'Most shoppers are growing tired of overpriced and flavourless supermarket produce and [are] turning to more traditional food retail outlets — their local farmer's and grower's markets'.
— Introduction to The Farmers' Market Family Cookbook.
On Saturday mornings when Peter and I visit our local Farmer's Market, I am reminded of a para Michael Symons wrote in closing his comprehensive history of food and eating in Australia, One Continuous Picnic: 'Good food has never come from factory farms, process lines, canteens, supermarkets and fastfood chains. It belongs to careful vegetable gardeners, painstaking cheesemakers and dedicated chef-patrons, meeting in the bustling market-place'. Food for thought, no!?
With this in mind, the team at Murdoch Books are to be heartily applauded for one of the latest titles: The Farmers' Market Family Cookbook. In the introduction, the authors note that modern consumers have become increasingly separated from the source of our food. Over the last decade, however, there has been 'a quiet but significant shift in food shopping options', with the rise in popularity of grower's and farmer's markets.
There is indeed much to learn from the peasant farmers and market gardeners, who have always been close to the food they eat — preparing it with respect and making every meal a celebration. Traditionally, food is freshly picked and gathered, and taken to the marketplace to sell direct to the buyer. There is no middle man, no long periods in cold storage, no gas-induced ripening, and no specially developed varieties bred to withstand the rigours of long distance distribution.
Provenance, freshness, flavour and seasonal availability are back on the agenda for chefs, home cooks and food enthusiasts alike. 'Urbanites can't hope to turn back clocks and exist in rural idylls, but they can, through patronage of a local market, move closer to that place and the person that is the source of their food'. Of course, not everyone has access to a farmer's market and thus it becomes necessary to source a reliable greengrocer. As the writers of The Farmers' Market Family Cookbook suggest: 'Settle for nothing less than perfectly in-season, full-flavoured produce. Cook it beautifully and reconnect with the seasonal rhythms that give such a meaningful pace to each and every year'.
Fresh produce is the focus of The Farmers' Market Family Cookbook and there is an outstanding selection of more than 100 recipes. The chapters are divided into Vegetables; Fruit; Meat, Poultry and Seafood; Dairy; and Nuts and Spices. Also included are useful hints on selection and storage on a range of items. For example, did you know that you should ensure that pistachio nuts should be allowed to open naturally on the tree, as their flavour will be superior. And once the shell has split, they have a limited shelf life!
To my mind, the mark of a great cookbook is one that has me flagging several pages for recipes that I am keen to try. The Farmers' Market Family Cookbook is well flagged, dear readers! There is a French Shallot Tatin that is begging to be cooked. A ricotta filled Sweet Potato Ravioli is also on the list. 'Spring on a plate' is how the Warm Salad of Watercress, Citrus and Spring Lamb is described. Yum! Oh, and the Apple Galette with apricot jam is a definite. In fact that is one for tomorrow evening. I have also flagged the pages for mini Mango and Passionfruit Pies; a Sticky Orange and Passionfruit Pudding; Smoked Trout Gougere; Lime and Ricotta Pudding; and Vodka and Juniper Cured Salmon; among a number of others.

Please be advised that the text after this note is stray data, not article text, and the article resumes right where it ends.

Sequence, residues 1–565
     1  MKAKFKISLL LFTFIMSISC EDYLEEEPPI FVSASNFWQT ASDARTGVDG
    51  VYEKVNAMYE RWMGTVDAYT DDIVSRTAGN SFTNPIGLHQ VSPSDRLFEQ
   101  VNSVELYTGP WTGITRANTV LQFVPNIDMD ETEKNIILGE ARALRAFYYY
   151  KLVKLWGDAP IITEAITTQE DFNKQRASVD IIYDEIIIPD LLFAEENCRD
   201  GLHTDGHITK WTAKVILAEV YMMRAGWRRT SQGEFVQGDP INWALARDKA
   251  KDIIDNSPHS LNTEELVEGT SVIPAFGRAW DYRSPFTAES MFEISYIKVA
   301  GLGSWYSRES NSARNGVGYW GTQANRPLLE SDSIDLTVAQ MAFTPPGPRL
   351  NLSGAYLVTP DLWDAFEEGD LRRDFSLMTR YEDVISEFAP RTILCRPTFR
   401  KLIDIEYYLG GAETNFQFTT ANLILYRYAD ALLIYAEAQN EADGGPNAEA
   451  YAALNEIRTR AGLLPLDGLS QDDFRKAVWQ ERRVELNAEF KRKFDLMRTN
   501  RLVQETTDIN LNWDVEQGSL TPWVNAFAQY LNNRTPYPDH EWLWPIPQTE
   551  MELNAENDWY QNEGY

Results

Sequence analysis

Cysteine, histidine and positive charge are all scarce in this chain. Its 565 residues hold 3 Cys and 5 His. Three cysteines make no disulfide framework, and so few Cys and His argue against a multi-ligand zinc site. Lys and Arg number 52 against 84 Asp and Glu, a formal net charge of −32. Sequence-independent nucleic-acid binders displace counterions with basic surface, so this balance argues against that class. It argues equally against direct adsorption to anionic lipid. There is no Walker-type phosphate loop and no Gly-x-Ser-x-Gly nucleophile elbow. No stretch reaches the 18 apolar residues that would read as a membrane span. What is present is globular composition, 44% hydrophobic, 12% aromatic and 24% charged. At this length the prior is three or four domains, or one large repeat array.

Each recipe is accompanied by a mouthwatering photograph. I am always curious to know which photographers are behind the images in cookery books. Shannon Blanchard, Publicist at Murdoch Books, advised me that there were a number of contributing photographers to this title.
So, on to the road test. Peter's favourite vegetable is corn and he enjoys a hearty breakfast on weekends, so the Corn and Polenta Pancakes with Bacon and Maple Syrup on page 28 rated number one on my road test meter. Better still, a grower was selling tri-colour corn at the Farmer's Market and we had a bottle of Turkey Hill maple syrup that was given to us as a gift from a friend who had recently travelled to Canada. My interpretation of the recipe is as follows:
CORN AND POLENTA PANCAKES WITH BACON AND MAPLE SYRUP
90g or 3/4 cup self-raising flour
110g or 3/4 cup fine polenta
310g or 1 1/2 cups sweet corn kernels (about three small cobs)
375mls or 1 1/2 cups milk
a little spray of light olive oil, for frying
8 slices rindless bacon
1/2 cup maple syrup
Mix together the flour and polenta in a bowl. Add the corn and a little of the milk. Season with salt and pepper, then stir in the remaining milk. Note: I found the mixture was a little too runny with the quantities listed above, so I added a little extra polenta. Use your judgement.
Heat a frypan or griddle and spray lightly with light olive oil. Spoon the batter into pancakes shapes and cook over a medium heat for about two minutes on each side until cooked through. Meanwhile, cook the bacon and drain it on paper towels. Serve the pancakes with a bacon rasher on top and drizzle generously with maple syrup. This recipe will serve 4-6.
The verdict: the pancakes were quick and easy to prepare. They were tasty and had great texture, but we found them to be quite filling so next time we will happily eat just eat one each. (The remaining pancakes were refrigerated overnight and reheated perfectly well for breakfast the following morning).
The Farmers' Market Family Cookbook: Recipes from the Murdoch Books Test Kitchen (Murdoch Books) $34.99. An inspiring and beautifully presented book that celebrates cooking with the best of market fresh produce.
With many thanks to Shannon at Murdoch Books and the talented cooks in the Murdoch Books Test Kitchen.
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